By Reid Wilson
September 22, 2015 at 6:00 am ET
A strong performance in last week’s Republican presidential debate has raised former Hewlett-Packard CEO Carly Fiorina’s public profile, but not nearly enough to cut into real estate mogul Donald Trump’s lead over the rest of the GOP field.
Trump takes 32 percent of the vote among self-identified Republicans and Republican-leaning independents, according to a new Morning Consult tracking poll — far ahead of retired neurosurgeon Ben Carson’s 12 percent and former Florida Gov. Jeb Bush’s 11 percent.
Fiorina finishes in fourth position, at 6 percent, just ahead of Sens. Marco Rubio (Fla.) and Ted Cruz (Texas), who clock in with 5 percent each.
Carson, Bush and Fiorina are all bunched together in the race for second place. Thirteen percent of voters say they would pick Carson as their backup choice, compared with 11 percent for Bush and 10 percent for Fiorina.
Republican voters are still deeply intrigued by the outsider candidates in the field, all of whom poll higher than more established, veteran politicians. More than 60 percent of Republicans say they have a favorable impression of Carson (62 percent) and Trump (61 percent). Fiorina, who was unknown to much of the GOP base before turning in two consecutive rock-solid debate performances, is seen favorably by 51 percent of Republican voters, while 20 percent view her unfavorably.
More than half of Republican primary voters say they see Bush, Rubio and former Arkansas Gov. Mike Huckabee favorably.
On the Democratic side, former Secretary of State Hillary Clinton for the first time has fallen below the 50 percent mark. She maintains a strong lead over Sen. Bernie Sanders (I-Vt.) — 49 percent to 28 percent — though her 21-point lead is at its lowest point since Morning Consult began surveying the Democratic field.
Clinton maintains a strongly favorable image among self-identified Democratic voters, 76 percent of whom say they see her in a positive light. But Sanders, too, is broadly popular with Democrats: 59 percent see him favorably, versus 13 percent who view him unfavorably.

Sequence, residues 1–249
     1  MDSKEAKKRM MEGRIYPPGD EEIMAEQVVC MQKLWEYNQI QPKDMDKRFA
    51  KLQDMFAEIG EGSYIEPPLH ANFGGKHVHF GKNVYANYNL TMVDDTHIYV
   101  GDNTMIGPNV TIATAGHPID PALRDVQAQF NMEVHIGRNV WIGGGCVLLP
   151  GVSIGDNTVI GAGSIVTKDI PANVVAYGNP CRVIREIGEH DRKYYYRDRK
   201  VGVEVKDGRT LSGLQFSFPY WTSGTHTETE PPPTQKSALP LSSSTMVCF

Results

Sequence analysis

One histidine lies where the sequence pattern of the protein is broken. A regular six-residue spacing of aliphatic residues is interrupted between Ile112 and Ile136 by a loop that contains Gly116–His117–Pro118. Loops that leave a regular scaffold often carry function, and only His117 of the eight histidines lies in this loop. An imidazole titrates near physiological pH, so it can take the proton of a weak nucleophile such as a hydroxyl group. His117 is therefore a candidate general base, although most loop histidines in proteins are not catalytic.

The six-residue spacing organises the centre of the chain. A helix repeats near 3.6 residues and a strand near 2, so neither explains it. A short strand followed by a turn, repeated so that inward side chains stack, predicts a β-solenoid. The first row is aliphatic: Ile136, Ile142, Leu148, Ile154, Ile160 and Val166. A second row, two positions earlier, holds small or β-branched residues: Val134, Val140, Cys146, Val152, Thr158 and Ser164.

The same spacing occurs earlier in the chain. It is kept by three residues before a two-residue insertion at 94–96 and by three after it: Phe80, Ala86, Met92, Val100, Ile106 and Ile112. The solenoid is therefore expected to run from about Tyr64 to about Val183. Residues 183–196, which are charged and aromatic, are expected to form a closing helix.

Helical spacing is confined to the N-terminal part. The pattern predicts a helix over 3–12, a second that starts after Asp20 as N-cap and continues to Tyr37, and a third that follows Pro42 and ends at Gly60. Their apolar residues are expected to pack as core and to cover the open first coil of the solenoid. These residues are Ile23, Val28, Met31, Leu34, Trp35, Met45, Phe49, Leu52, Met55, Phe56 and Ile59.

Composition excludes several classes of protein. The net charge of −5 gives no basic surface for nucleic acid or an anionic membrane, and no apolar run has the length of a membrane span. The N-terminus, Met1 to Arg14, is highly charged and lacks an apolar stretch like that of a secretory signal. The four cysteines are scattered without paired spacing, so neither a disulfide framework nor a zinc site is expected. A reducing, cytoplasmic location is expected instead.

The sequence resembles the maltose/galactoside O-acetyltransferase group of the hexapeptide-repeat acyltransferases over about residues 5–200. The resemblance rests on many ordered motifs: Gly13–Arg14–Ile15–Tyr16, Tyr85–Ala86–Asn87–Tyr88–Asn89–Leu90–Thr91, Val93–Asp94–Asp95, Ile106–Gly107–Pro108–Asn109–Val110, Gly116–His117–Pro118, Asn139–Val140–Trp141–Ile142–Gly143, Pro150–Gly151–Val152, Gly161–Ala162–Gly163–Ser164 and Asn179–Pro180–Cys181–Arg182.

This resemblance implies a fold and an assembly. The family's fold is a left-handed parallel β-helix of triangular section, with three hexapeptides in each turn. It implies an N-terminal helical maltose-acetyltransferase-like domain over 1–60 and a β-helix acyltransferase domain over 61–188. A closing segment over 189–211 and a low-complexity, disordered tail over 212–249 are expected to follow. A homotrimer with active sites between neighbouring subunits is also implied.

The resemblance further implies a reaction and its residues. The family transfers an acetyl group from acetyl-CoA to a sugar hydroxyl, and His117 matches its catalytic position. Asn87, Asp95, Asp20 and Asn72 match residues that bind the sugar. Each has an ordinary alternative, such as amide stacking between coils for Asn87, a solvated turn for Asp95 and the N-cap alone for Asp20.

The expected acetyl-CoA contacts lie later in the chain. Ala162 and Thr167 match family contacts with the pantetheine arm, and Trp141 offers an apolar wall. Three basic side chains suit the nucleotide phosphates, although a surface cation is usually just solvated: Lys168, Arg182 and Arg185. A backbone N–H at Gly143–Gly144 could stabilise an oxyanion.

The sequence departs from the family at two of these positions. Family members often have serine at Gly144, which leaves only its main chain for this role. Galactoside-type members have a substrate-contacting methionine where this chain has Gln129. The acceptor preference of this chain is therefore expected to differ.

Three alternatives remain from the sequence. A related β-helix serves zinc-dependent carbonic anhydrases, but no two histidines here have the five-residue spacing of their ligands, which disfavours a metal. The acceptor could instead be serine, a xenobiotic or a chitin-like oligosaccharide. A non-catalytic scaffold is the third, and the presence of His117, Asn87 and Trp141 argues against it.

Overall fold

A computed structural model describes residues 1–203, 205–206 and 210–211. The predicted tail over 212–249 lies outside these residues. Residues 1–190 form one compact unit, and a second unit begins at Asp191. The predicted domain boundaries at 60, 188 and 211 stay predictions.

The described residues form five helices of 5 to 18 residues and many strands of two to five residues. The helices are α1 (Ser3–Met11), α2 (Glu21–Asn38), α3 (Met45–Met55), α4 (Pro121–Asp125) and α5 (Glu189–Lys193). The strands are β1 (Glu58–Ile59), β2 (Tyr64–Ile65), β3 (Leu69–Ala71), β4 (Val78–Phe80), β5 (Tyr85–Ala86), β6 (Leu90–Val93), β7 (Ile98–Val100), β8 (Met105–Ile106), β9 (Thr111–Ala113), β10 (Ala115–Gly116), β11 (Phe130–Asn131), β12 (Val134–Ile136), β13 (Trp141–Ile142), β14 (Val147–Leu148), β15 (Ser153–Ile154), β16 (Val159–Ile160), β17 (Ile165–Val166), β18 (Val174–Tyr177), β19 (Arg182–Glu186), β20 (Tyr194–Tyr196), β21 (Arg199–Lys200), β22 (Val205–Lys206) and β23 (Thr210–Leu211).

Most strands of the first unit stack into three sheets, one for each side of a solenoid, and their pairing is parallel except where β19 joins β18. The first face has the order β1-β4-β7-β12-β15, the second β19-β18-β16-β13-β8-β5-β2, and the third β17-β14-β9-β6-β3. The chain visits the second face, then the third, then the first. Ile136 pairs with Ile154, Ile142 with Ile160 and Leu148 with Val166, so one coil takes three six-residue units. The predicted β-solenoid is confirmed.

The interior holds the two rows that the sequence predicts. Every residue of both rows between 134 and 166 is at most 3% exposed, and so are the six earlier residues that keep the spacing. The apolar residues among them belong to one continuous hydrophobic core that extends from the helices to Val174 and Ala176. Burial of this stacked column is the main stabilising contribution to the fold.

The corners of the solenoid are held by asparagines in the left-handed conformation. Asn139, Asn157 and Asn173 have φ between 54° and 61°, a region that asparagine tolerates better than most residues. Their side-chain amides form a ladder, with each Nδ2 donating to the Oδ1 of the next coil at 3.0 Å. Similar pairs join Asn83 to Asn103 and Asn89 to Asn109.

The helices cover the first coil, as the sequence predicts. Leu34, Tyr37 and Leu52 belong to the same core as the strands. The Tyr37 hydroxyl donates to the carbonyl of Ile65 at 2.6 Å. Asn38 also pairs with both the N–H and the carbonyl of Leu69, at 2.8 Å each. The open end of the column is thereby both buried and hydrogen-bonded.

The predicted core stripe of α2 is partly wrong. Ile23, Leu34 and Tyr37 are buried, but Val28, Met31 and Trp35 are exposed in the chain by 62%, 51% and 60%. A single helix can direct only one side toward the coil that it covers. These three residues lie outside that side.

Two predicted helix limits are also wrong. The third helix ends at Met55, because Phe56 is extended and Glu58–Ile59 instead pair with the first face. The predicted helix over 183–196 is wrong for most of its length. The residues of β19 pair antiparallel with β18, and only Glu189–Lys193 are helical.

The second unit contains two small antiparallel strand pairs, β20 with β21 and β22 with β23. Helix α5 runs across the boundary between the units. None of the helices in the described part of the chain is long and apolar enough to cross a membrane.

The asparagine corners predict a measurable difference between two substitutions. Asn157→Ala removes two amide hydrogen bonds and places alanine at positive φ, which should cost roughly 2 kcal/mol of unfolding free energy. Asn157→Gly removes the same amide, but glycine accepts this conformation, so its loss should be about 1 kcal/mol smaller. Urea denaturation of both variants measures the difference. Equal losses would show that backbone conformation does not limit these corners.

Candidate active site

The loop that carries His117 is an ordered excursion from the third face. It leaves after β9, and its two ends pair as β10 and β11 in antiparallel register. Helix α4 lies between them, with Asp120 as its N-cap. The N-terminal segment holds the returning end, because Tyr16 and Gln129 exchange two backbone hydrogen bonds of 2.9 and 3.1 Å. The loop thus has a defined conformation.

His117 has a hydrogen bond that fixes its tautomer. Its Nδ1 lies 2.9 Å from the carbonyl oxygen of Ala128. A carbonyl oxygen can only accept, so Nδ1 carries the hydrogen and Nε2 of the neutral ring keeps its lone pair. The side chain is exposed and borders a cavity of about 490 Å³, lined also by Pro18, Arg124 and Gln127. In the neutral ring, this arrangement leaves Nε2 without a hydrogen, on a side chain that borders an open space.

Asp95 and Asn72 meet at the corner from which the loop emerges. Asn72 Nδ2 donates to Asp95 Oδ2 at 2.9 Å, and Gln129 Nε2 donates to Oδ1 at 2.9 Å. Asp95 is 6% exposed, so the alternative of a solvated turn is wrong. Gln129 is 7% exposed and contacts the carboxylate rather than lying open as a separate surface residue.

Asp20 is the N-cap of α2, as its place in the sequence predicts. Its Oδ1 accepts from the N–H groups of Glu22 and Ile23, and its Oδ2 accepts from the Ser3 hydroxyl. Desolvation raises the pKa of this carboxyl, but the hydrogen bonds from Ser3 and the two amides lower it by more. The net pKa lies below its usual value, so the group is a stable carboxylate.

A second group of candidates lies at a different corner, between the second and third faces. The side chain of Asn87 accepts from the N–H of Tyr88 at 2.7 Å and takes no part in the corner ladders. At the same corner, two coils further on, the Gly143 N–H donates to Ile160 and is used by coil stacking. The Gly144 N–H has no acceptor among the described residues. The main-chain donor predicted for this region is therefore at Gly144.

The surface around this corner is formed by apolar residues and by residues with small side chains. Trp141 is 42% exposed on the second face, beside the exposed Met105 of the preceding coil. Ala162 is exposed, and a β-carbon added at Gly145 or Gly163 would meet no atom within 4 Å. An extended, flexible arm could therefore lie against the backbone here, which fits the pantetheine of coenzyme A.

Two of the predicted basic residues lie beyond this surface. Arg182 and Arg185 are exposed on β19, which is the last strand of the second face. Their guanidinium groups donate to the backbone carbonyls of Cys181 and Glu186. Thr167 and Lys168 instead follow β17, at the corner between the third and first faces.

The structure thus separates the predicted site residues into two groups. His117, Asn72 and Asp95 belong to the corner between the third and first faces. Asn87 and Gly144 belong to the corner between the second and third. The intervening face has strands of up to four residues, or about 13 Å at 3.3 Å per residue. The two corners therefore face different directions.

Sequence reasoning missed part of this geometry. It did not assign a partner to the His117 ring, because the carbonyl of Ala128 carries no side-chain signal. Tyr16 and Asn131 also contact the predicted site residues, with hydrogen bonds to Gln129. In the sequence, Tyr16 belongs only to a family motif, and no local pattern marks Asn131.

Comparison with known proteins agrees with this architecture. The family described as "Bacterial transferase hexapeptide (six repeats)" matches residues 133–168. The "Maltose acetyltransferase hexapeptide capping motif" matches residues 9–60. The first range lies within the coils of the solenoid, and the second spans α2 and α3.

Clinton has a net-unfavorable rating of 45 percent favorable, 51 percent unfavorable among registered voters. Among that broader sample, only three candidates have favorable ratings higher than their unfavorable ratings: Sanders, Carson and Fiorina.
But Clinton maintains leads over every possible Republican nominee against whom she was tested. Registered voters favor Clinton by a 45 percent to 39 percent margin over Bush, by a 46 percent to 38 percent margin over Rubio and by a 45 percent to 41 percent margin over Trump.
Just one-third of registered voters say the country is headed in the right direction, while two-thirds say the country is on the wrong track. Forty-two percent say they approve of the job President Obama is doing, a statistically insignificant difference compared with last week. Fifty-five percent disapprove of Obama’s job performance.
The Morning Consult survey polled 4,033 registered voters for an overall margin of error of plus or minus 2 percentage points. A subsample of 1,551 self-identified Republicans and Republican-leaning independents carries a margin of error of plus or minus 2.5 percentage points, while a subsample of 1,761 Democrats and Democratic-leaning independents carries a margin of error of plus or minus 2.3 percentage points.
Reid Wilson previously worked at Morning Consult as an editor.